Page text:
Teaching Children Science

9 Jul

Catching up on my podcasts this morning, I listened to a really interesting episode of Skeptically Speaking: #169 Play Reality. While the first part of the episode about gaming was interesting, the second part featuring a panel of children at LogiCON 2012 speaking about their interest in science really got me thinking.

I think the core ideas I took away from this interview come from these few excerpts:

Desiree:  ” …has there ever been a time that an adult tried to encourage you to become involved in science in a way that was spectacularly unsuccessful?”

Evin: “…they tell us these things, but they don’t tell us why these things are happening…They told us the information we should know, but not like why we should know the information”

Evin: “…everybody in the class as early as kindergarten and grade one, we all had this common interest for science but we all mostly like to look at sort of space and aerodynamics, but we didn’t actually get those units until grade five. I think it would have catapulted all of us even higher if they had just done that.”

Desiree: “…do you think that the other kids would have thought the same thing or do you think it just would have helped the people that were already sort of going that direction anyway?”

Evin:  “…when I was younger, my teachers all most scared me away from science. They sort of say it’s all complicated and that kind of thing, but once you sort of get a basic level of understanding, it just continues, it excels…”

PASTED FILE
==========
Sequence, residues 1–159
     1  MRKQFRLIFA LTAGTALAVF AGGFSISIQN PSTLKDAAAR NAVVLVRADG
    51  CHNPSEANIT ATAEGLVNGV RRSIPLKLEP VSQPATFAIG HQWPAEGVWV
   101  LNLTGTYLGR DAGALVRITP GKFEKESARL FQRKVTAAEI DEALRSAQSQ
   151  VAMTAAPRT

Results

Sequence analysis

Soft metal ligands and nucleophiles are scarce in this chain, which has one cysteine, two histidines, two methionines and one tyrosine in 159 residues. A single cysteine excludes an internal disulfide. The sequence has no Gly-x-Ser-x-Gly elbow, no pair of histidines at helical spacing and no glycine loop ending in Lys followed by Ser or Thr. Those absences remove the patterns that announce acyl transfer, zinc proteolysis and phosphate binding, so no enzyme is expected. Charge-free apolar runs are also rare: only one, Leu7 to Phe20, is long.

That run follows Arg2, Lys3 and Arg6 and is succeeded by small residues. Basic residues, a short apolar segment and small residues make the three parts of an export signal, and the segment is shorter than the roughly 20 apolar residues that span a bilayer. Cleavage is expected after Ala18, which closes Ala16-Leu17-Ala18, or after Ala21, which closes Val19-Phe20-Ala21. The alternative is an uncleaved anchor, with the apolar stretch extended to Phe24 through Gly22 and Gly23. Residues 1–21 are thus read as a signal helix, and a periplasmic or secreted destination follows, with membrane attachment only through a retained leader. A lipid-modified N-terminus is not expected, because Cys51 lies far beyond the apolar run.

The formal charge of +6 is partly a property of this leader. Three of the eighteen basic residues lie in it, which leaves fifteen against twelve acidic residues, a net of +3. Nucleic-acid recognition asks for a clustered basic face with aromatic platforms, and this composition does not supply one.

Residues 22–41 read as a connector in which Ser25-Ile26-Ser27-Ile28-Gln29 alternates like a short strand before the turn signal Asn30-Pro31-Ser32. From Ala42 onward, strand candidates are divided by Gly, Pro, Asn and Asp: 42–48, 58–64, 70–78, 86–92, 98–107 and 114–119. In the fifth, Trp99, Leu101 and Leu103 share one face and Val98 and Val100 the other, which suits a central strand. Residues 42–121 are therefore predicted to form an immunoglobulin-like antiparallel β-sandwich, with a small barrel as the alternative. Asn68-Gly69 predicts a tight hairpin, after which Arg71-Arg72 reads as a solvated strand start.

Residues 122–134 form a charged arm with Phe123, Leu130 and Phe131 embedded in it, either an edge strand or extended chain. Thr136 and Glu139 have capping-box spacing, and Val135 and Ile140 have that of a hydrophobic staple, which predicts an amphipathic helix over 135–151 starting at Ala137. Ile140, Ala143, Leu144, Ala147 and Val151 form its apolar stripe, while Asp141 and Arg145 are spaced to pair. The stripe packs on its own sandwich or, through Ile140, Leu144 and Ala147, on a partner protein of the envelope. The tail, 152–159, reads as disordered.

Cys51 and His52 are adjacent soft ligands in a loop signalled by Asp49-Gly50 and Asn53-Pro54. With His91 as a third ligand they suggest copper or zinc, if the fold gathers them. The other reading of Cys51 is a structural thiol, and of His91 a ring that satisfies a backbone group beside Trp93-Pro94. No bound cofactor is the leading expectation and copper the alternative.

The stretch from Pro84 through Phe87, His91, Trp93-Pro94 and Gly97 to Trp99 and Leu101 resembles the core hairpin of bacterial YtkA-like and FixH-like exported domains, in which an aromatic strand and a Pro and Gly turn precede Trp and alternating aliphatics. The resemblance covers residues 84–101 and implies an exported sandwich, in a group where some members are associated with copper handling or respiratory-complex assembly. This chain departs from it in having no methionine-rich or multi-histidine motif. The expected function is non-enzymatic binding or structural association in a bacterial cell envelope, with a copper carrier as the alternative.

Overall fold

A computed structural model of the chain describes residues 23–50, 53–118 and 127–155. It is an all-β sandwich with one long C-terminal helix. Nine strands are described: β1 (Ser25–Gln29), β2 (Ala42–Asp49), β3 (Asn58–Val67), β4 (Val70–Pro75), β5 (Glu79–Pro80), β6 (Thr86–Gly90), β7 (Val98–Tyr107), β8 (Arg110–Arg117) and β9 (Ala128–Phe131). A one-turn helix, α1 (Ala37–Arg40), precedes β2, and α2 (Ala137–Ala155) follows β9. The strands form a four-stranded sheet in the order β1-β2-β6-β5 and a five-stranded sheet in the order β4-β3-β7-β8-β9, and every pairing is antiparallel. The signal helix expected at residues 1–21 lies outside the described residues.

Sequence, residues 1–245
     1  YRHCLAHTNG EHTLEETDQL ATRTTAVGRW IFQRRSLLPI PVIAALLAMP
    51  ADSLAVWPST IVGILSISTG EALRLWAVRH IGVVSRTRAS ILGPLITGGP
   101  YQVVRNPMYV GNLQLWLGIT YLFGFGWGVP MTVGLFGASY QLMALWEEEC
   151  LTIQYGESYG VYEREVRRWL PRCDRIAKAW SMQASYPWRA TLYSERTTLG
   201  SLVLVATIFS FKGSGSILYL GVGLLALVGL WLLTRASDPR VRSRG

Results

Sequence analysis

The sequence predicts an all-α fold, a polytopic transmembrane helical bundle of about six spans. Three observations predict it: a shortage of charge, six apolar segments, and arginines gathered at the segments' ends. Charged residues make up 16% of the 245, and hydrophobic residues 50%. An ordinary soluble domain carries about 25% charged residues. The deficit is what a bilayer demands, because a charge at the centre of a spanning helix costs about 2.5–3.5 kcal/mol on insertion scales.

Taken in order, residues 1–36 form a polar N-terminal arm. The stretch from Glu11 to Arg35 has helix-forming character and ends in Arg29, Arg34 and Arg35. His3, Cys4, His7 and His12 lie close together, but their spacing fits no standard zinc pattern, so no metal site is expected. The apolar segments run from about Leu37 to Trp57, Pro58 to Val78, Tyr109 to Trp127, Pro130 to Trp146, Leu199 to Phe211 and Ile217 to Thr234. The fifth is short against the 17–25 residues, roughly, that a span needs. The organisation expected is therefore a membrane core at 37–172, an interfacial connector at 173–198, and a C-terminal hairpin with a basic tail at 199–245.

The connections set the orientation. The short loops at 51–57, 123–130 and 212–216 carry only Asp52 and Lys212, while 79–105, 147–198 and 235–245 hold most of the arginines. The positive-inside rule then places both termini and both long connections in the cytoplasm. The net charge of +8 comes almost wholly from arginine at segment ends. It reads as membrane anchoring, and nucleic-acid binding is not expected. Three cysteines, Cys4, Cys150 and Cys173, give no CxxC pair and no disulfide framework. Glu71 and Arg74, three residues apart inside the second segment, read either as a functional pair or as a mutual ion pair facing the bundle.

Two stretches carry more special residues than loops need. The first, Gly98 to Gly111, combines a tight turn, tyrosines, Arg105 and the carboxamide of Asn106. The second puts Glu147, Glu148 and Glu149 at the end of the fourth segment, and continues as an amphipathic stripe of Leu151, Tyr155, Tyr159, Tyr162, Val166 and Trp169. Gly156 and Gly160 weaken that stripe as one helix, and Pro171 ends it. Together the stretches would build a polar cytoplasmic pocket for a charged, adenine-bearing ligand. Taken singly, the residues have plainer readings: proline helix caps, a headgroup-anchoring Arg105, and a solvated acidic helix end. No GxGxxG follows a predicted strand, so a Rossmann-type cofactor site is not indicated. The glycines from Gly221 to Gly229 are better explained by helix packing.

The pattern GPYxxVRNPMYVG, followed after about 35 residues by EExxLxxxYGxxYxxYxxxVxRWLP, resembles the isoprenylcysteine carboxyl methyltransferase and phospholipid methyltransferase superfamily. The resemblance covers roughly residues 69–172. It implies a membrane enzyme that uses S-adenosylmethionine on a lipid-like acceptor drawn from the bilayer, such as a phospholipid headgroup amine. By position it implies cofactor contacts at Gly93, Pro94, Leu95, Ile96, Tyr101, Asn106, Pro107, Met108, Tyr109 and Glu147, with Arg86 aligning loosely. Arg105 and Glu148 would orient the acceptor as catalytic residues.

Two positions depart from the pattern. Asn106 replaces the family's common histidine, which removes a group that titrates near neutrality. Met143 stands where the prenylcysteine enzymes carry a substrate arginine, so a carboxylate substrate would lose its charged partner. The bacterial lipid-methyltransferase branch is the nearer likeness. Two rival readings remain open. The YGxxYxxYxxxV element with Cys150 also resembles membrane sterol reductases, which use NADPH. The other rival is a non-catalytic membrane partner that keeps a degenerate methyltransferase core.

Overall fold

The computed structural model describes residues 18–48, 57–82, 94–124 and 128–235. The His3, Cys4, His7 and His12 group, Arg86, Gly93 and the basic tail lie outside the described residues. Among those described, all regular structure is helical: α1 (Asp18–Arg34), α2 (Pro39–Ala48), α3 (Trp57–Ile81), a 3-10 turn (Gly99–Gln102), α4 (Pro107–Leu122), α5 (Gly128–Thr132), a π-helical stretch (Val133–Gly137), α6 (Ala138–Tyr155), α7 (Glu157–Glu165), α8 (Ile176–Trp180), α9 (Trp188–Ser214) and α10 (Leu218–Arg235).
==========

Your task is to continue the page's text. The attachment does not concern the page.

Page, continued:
Here’s what I hear this kid saying:

“We are interested in science now and ready for you to teach us now, not later when we’re older. Don’t assume we can’t understand it and discourage us by saying it’s too complicated. Capture our imagination now, don’t wait until later, it may be too late! And when you do teach us please don’t turn it into dry and boring facts.”

Since these children were attending Logicon, their interest in science may be the exception rather than the rule, but Evin’s statements make me wonder if these kids really have to be the exception. The big question is: what can we as parents, as family, as teachers, as role models, and finally as skeptics do to capture children’s imaginations early and to kindle their interest in science rather than extinguish it?

Advertisements

Leave a Reply

Fill in your details below or click an icon to log in:

WordPress.com Logo

You are commenting using your WordPress.com account. Log Out / Change )

Twitter picture

You are commenting using your Twitter account. Log Out / Change )

Facebook photo

You are commenting using your Facebook account. Log Out / Change )

Google+ photo

You are commenting using your Google+ account. Log Out / Change )

Connecting to %s

%d bloggers like this: